Sen. Cruz: 'Really Unfortunate' That 13 House Republicans Helped Pass BIF; Boosts Momentum for 'Socialist Agenda'

Susan Jones | November 9, 2021 | 7:44am EST
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A road resurfacing project in Alhambra, California. (Photo by FREDERIC J. BROWN/AFP via Getty Images)
A road resurfacing project in Alhambra, California. (Photo by FREDERIC J. BROWN/AFP via Getty Images)

( - "I think it's a bad bill," Sen. Ted Cruz (R-Texas) said of the so-called Bipartisan Infrastructure and Jobs Act (BIF), which passed the House on Friday only because 13 Republicans joined most Democrats in voting for it.

The same bill passed the Senate in August with 19 Republican votes, and an elated President Biden plans to sign it at a special ceremony.

Cruz told Fox News he's disappointed that 13 House Republicans assisted a White House that was "getting their clocks cleaned."

It's another $1.2 trillion in spending. It's on top of the trillions in spending we've already seen. As you noted, that is already driving inflation across the economy. The price of food is going up, the price of milk is going up, the price of gasoline is going up, the price of rent and homes and lumbers, everything is going up, and the Biden administration is causing it.

Unfortunately, we saw a handful of House Republicans decided to rescue Nancy Pelosi from the bill crashing on its own. I think that did two things that were really problematic.

Number one, it did what the Biden white house wanted to do, which is change the subject from the shellacking they took in Virginia. Virginia was a terrific victory. I was there on election night with Glenn Youngkin. It was a tremendous example of the parents of Virginia saying hell no to this radical left-wing approach that said that parents have no role in their kids' education.

But the House...Republicans, or a handful of them, decided to change the subject from that, and I think it also increased momentum for the really terrible bill, which is the next one, the Bernie Sanders socialist budget, I pray to God the Bernie Sanders socialist budget doesn't pass, but these House Republicans sadly made it more likely.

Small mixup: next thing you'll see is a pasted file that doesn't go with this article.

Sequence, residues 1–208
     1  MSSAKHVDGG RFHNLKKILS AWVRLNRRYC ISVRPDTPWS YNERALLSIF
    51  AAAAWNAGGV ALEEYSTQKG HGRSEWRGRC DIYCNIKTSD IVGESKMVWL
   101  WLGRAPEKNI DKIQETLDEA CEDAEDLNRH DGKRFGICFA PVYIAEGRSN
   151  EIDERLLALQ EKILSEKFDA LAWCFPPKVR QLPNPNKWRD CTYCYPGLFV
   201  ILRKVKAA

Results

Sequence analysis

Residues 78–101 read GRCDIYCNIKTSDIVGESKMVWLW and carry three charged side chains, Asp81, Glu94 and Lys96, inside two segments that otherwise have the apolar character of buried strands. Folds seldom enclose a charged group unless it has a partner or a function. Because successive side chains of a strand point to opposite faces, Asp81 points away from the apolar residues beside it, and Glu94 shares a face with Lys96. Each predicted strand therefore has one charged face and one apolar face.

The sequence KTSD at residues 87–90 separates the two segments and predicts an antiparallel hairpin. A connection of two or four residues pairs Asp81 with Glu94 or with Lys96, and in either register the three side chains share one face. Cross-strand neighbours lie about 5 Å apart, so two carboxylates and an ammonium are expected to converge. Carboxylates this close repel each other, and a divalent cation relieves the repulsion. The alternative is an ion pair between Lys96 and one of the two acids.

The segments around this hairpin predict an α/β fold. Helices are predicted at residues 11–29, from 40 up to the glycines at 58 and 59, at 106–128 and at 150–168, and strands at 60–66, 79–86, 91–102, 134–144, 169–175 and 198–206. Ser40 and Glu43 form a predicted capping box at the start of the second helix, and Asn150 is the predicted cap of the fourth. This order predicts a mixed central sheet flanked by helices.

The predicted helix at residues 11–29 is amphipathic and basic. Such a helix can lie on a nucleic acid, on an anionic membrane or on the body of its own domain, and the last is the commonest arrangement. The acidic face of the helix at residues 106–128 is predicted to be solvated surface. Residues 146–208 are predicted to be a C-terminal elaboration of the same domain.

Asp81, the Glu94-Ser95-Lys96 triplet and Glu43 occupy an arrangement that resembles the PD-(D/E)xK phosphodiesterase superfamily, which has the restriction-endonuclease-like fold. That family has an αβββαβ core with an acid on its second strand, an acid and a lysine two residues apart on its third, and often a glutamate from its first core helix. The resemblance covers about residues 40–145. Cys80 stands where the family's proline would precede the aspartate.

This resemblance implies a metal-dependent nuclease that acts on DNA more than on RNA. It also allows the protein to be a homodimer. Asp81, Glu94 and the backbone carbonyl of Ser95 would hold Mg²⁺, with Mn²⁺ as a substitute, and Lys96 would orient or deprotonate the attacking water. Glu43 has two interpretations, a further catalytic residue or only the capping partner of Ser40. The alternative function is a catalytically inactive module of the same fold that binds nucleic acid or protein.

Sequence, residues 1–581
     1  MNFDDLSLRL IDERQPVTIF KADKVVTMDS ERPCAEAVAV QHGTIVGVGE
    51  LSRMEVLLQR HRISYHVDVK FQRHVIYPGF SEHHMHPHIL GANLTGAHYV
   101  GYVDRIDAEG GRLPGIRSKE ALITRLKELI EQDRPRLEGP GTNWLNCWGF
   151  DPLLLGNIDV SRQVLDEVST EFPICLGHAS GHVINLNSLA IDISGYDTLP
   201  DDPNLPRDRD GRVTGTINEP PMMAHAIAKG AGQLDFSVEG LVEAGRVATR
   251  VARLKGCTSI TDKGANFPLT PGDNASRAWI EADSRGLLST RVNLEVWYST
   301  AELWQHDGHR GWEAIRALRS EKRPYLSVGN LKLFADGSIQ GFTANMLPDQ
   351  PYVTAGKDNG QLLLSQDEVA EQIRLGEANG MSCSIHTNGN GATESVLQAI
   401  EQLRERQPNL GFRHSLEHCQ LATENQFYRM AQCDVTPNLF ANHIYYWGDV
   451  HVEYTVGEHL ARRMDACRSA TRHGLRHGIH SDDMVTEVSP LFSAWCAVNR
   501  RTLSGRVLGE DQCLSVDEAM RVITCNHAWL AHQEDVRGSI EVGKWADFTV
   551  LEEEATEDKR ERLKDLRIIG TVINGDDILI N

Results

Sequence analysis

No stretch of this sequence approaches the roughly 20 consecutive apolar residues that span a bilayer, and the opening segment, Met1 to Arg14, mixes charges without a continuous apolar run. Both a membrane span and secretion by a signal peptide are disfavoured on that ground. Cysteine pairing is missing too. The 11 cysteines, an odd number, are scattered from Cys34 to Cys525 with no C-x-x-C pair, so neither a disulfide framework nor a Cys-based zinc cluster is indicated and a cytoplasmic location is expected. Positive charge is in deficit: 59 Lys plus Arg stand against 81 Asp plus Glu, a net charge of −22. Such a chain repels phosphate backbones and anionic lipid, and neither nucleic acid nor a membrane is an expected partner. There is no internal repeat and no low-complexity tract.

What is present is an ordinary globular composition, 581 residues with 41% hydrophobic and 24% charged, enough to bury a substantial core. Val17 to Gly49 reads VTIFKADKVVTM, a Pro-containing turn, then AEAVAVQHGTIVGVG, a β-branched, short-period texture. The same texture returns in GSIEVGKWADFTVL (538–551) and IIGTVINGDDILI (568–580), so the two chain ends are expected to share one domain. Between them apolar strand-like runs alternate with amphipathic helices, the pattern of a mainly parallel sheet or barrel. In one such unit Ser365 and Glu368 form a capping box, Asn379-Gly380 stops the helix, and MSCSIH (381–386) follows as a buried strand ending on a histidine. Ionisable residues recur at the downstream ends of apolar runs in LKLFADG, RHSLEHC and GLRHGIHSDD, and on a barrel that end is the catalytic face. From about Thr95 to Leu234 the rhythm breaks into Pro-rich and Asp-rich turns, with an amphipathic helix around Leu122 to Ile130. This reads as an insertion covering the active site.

Cruz said Republican senators had "massive arguments" over the BIF before it passed the Senate in August. "I mean, screaming arguments at lunch," he said.

"We have lunch together every Tuesday, Wednesday, and Thursday together, all the Senate Republicans, and there were about a the third of the Senate Republicans who ended up voting for this, and they would stand up and they would pitch all the terrific things that are in it, and they would pitch roads and bridges.

"And listen, roads and bridges are popular. $110 billion of this bill are roads and bridges. I suggested, fine, if you like roads and bridges, I like roads and bridges, let's pass $110 billion in roads and bridges and throw away the other trillion that is in this bill.

"They didn't want to do that. It's like the old con man who sells you the Brooklyn bridge over and over and over again, it's always about the bridge.

"And I stood up in these lunches repeatedly, and I said, why are you making it easier for Bernie Sanders to bankrupt this country and jam his socialist agenda down throats of the American people?  And the Republicans who voted for this, they said no, no, no, when this passes, it will be harder for Bernie to do that."

Cruz said he told those fellow Republicans they should have made a deal with Democrats -- "we will do this (BIF) instead of the Bernie Sanders budget."

But instead, Democrats insisted on passing both bills, delaying a vote on one until they got guarantees on passage of the other.

"They gave us nothing and said we will pass this and then we will pass everything else on top of it. What the heck is that deal getting you?" Cruz asked.

In total, the BIF includes $550 billion in new federal spending for America’s infrastructure. Only ten percent, or $110 billion, goes to "hard" infrastructure, such as roads and bridges.

The rest is for other liberal causes, such as "reconnecting communities" divided by highways; building charging stations for electric vehicles; safety, including heavy promotion of bicycle and pedestrian traffic; clean energy investments; studies of self-driving vehicles; vulnerable road user research; wildlife crossing safety, and other social/liberal causes.

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